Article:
In suddenly realised it was after two o’clock and I needed to find somewhere to watch Watford v Chelsea so rushed back to the hotel only to look at my calendar and realise that it’s a 19:30 kick off. On my way I did pass a sports bar so I should be OK. My other afternoon disaster was to attempt to rent a car. I had always thought it would be a good idea to get out to Sintra and back via the coast at Cascais and Estoril. There was a conveniently close Europcar who could rent me a VW Polo or equivalent. The clerk then said: “I’d better tell you the price before we do the paperwork.” Doesn’t augur well. 210 euros for a one-day hire. The Raggett pauper reared again – I had a car in Spain for ten days in the summer for less than that. So if the rail strike permits (60-odd % running according to the news) I’ll go by train tomorrow. Then back to the hotel to blog and be amazed by the day’s Premier League earlier results – How many goals? – and prepare to pop off to the sports bar for 19:30.

The sports bar was part of a hotel and had a few scarves and shirts (Benfica, Sporting, Real Madrid, Barcelona and Man United) I didn’t bring mine with me or they’d have had a Watford one to add. What they did have was the game on TV and an IPA which truly sprung (or Springed) off the shelf:and at 6.5% it might well have had even me doing karaoke. As it was the few others in the bar were amused but not disturbed but my oohs and aahs and scream of delight at the equaliser. Their penalty was never in much doubt but the Portuguese commentators were adamant ours was a nailed on penalty on Deleofeu. They showed it in close up and from five angles about five times and were most agitated on our behalf. The bar had wings, nachos, burgers and other suitable sports bar fare so I consumed a modest supper during the second half. I’m not sure whether it was anger at the ref or the food but I had a very disturbed night and was actually quite glad I wasn’t going to be driving first thing in the morning.

Dee’s birthday blog

18 sushi pink copy      What’s it like to be

             far from home on your birthday?

             Well, we’d best ask Dee.

A birthday outing had been long planned. Naoshima Art Island sounded just the ticket for a day out with multiple modes of travel, walking, gardens and art to enjoy. We walked to Okayama station and took the Rainbow Bus to Uno Ferry terminal to catch the boat to Naoshima. Most of the passengers got off after fifteen minutes at Happy Village an enormous shopping, gaming and pachinko mall. We arrived at the port where numbers of volunteers guided us to buy our ferry tickets. It’s a mid-sized ro-ro car ferry and we shuffled on and made for the upper deck to enjoy the views across the Seto Inland Sea and the increasingly sunny day. Shimmering, shiny blue sea with fluffy, spring-leaved islands mark our way until after 20 minutes we arrive at the island.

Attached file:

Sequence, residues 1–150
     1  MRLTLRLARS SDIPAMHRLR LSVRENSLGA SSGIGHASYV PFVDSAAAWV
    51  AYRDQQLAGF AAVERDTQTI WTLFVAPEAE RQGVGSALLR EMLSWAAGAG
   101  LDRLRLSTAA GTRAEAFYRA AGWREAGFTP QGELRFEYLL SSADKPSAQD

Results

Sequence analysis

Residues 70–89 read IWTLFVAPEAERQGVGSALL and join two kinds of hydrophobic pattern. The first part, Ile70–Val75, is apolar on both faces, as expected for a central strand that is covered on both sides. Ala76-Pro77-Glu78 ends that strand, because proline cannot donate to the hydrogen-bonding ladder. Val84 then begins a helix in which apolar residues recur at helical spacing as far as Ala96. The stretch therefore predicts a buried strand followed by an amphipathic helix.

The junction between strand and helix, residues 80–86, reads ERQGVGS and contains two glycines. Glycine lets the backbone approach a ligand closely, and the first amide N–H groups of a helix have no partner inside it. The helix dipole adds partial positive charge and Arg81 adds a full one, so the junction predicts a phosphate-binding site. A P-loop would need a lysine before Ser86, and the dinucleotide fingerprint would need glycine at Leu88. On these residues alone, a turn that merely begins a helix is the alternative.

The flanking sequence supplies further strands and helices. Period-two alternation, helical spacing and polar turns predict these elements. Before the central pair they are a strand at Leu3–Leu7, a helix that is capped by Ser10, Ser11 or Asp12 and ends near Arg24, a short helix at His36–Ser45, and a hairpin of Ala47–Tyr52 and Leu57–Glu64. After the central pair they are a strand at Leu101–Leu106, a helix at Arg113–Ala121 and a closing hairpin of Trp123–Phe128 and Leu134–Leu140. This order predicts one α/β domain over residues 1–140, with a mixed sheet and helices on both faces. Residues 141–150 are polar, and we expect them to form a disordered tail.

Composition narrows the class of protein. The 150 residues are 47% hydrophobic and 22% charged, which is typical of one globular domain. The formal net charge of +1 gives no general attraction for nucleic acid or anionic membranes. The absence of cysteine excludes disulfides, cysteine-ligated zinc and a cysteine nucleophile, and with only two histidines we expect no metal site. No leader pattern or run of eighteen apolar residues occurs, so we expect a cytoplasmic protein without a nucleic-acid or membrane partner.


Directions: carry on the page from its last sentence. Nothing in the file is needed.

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There are five major areas of interest to art lovers and we walked around Miyanoura Port while waiting for the island bus to take us to the  Chichu Art Museum. At Chichu there’s a Monet Garden to entertain you while you wait to purchase your timed ticket slot and then it’s into the brilliant Tadao Ando designed museum where the most stunning work for us was a huge granite sphere in a specially designed room by Walter de Maria (sorry photography prohibited but you can get a bit of an idea of its power from the weblink.)

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We travelled on by shuttle bus – just when you thought it was full, new seats flapped down in the central aisle to accommodate even more folk – to Bennesse House Museum another stunning Ando design for a really visitor friendly space. We were introduced, I’m ashamed to say, to the work of Yasuo Kuniyoshi a Japanese artist who emigrated to the US aged 17 and later had real trouble during the Second World War. He’s enigmatic, haunting, self-questioning and his paintings and lithographs are full of emotion and impact all displayed beautifully. The display also contains most of the contents of his New York studio which are fascinating.

We hoped to catch more of the island’s project but the need for lunch and getting back for Mr Yamamoto’s specially arranged dinner meant that we had to scuttle by shuttle to catch the ferry back and then bus back to Okayama. Bright sun all the way this time it was a brief voyage to savour. Walking back from the station we heard live music coming from the canal area so popped by to see what was going on and happened to find Espana Leon which fortunately had some cava, so a proper birthday toast was made possible.

We changed and were taxied to the Kokusai Hotel up in the hills overlooking the by now lit up city. The restaurant is essentially French in style with a few Japanese touches. First taste of wine for ages. There were more staff than diners by the time we finished and it was an interesting way to celebrate. On the way out Dee was presented with a rose which will accompany us on our travels for the next few days.